Synthesis and interpretation and Links to empirical data
A total of twenty participants were recruited from both UG and GEM programs and all recruited participants had undertaken a minimum three clinical placement experiences. Table 2 summarises the demographic data for each focus group. The groups were relatively homogenous demographically with some minor differentiation in relation to the highest level of qualification attained however each student had a different placement mapping and therefore their clinical placement experiences throughout the course of the degree may have differed significantly. There were a range of genders and cultures represented within the study.
Three overarching themes were developed during data analysis: “Education”, “Culture and Responsibility” and “Hopes, Fears, and Barriers”.
This theme looked at education as the starting point of all practitioners’ journey with EBP. It explored students’ fundamental understanding of EBP as a concept. It discussed the importance of pedagogy in building EBP skills, comparing the training versus education model. It delved into concepts of lifelong learning, critical thinking and looked strongly at challenging previously held knowledge and existing assumptions. Further to this, it examined the perceived shortfalls of the education that these students have received. Table 3 provides a summary of quotes representing this theme.
Participants within both focus groups had a consistently narrow definition of EBP that does not align with the more generally accepted definitions. They defined EBP as simply applying research-backed evidence in the clinical setting and most strongly equated their own learnings from university with EBP. Participants widely agreed that there was a strong tendency for clinicians within medical imaging to place higher value on the clinical expertise of practitioners than that of research-based evidence and articulated that they perceived this value to be misplaced. Those participants that did discuss clinical expertise as an asset were quickly shut down by their peers within the focus group. No participants articulated a link between clinical expertise and EBP, preferring to explore them as separate concepts.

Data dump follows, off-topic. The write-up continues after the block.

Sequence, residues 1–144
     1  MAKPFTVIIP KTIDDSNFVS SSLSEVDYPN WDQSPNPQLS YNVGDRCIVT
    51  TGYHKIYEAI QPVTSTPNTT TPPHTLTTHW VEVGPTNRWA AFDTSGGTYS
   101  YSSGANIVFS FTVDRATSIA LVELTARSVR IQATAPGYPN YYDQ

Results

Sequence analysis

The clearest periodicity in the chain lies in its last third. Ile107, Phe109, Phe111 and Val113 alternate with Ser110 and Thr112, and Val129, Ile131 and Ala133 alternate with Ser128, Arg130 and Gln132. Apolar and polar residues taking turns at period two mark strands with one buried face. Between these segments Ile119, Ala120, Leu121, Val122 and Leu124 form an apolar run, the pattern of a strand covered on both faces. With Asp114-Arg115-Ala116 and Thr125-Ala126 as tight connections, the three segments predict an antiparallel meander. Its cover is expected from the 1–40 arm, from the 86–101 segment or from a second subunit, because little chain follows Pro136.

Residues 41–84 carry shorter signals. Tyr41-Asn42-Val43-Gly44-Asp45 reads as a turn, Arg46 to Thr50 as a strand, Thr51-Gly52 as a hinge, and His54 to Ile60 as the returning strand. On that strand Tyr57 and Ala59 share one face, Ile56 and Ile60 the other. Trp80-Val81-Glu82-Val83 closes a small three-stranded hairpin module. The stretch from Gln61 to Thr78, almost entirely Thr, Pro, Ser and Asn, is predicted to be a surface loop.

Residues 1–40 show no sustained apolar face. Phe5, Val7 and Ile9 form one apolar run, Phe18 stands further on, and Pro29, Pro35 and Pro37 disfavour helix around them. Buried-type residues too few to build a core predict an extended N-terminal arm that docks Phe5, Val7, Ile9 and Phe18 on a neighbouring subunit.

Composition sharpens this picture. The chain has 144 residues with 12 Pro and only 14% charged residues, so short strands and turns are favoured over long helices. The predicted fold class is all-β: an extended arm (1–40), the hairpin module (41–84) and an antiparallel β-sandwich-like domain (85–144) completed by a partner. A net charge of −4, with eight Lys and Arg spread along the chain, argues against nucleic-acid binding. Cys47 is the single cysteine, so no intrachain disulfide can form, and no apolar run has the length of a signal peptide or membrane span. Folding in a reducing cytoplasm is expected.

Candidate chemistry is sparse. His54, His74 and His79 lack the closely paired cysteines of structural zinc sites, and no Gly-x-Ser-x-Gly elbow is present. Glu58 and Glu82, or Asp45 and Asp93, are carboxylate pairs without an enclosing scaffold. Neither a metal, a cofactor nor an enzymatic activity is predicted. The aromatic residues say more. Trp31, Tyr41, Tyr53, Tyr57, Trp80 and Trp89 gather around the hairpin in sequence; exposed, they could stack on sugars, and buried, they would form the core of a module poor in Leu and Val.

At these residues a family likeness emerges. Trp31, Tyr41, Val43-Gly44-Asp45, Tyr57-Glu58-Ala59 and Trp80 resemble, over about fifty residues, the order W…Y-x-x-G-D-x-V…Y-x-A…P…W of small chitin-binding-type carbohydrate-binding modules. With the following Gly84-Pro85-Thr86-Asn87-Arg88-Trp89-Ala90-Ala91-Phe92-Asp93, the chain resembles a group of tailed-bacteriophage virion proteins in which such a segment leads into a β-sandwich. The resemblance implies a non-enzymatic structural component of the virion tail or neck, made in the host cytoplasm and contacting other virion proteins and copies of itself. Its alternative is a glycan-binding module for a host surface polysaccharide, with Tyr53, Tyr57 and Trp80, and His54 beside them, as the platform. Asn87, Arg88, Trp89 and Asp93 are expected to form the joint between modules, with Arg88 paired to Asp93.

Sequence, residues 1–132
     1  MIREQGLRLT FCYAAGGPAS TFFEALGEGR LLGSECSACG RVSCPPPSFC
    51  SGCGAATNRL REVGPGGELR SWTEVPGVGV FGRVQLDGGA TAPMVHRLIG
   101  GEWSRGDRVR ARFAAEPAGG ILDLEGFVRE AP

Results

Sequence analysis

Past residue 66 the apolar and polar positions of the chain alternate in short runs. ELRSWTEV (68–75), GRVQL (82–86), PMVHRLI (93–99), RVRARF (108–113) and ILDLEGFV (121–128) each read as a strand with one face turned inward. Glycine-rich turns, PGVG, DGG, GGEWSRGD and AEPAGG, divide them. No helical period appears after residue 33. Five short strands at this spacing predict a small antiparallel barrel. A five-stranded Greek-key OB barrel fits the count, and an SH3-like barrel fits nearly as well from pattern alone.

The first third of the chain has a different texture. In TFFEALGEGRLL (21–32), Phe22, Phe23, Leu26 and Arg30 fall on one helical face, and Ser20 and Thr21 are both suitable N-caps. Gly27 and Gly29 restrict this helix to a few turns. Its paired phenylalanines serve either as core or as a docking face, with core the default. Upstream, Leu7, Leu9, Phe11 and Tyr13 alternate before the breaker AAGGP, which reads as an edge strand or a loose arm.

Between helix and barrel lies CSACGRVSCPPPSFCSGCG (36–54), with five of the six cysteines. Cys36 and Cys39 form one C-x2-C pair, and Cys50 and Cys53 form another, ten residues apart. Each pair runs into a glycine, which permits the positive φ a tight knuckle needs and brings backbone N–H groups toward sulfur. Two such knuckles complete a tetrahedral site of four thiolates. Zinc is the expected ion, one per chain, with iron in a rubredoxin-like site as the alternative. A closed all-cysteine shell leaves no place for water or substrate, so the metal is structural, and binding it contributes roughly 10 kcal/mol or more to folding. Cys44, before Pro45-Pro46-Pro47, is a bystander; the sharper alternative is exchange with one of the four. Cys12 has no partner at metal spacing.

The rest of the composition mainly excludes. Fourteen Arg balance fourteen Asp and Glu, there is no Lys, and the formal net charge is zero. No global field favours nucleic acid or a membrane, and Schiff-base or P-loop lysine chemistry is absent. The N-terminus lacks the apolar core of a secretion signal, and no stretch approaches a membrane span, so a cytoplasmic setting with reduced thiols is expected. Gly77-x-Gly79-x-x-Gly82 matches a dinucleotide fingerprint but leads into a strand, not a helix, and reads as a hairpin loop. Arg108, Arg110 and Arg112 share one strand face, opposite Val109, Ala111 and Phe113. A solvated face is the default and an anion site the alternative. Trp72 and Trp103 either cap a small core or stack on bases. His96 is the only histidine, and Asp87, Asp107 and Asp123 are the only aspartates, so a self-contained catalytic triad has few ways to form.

Many participants perceived that the pedagogical approaches adopted in their academic subjects did not set them up well for implementing EBP in practice nor did they feel it encouraged them towards becoming evidence-based practitioners upon graduation. The perceived didactic teaching approach was viewed negatively by participants and there was a feeling of their potential being limited by this style of teaching. Participants identified the development of critical thinking, learning to assess the quality of research and adapting this research to the clinical environment as fundamentally important to their education however felt that this wasn’t well developed in their academic or clinical education. They described a disconnect between the way in which learning occurred during their academic subjects and the development of the skills required to practice in an evidence-based manner.
There was a wide sense of disempowerment that was apparent and consistent across both focus groups when it came to their ability to implement EBP on clinical placement. Participants reported a strong link between the attitudes of their clinical educators and their ability to implement EBP during placement experiences. Participants felt that their ability to implement EBP on placement had a substantial impact on their ability to learn and develop their skills.
Culture and Responsibility
This theme explored participants’ perceptions of where responsibility lies for implementing EBP in the clinical setting and reflected on the existing cultures. In order to categorise this further and provide additional structure for analysis this theme was broken down into three sub-themes “Individual” “Organisational” and “Professional”. Table 4 provides a summary of quotes representing this theme.
Within this sub-theme participants discussed the role that the profession more broadly has on the implementation of EBP. There was a strong sense of hierarchy when it came to the implementation of EBP in the experiences that participants had encountered. Research backed up by a strongly “scientific” or quantitative foundation was viewed as more important, particularly in relation to radiation dose reduction and paediatric patients. In contrast traditionally qualitative fields were viewed as less important with participants discussing elements such as communication as being a skill that can’t be improved with further research.